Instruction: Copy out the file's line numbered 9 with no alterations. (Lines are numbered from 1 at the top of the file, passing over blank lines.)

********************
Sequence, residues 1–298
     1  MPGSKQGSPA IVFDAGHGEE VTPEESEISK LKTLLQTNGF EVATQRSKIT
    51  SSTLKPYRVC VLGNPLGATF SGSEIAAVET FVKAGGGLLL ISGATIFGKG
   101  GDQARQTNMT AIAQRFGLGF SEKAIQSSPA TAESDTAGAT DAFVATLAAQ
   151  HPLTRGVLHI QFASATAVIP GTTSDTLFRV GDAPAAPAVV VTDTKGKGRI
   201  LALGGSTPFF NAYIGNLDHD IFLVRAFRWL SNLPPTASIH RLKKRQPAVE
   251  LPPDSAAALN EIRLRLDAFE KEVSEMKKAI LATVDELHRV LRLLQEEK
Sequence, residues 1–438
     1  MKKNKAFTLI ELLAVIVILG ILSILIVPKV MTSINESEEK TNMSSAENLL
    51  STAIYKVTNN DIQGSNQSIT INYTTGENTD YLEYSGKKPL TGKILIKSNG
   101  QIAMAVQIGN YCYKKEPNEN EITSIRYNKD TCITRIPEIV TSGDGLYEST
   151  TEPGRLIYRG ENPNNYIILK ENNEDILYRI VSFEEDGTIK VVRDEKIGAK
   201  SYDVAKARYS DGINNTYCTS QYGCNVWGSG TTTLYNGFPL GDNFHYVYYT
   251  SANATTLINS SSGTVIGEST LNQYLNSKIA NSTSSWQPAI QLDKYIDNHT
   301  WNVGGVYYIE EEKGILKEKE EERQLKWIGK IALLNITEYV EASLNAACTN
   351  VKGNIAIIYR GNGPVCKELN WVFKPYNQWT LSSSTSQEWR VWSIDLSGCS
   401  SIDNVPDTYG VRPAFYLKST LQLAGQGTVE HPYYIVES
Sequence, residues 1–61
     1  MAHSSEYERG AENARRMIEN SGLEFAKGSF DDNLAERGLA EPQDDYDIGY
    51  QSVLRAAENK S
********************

     1  MKKNKAFTLI ELLAVIVILG ILSILIVPKV MTSINESEEK TNMSSAENLL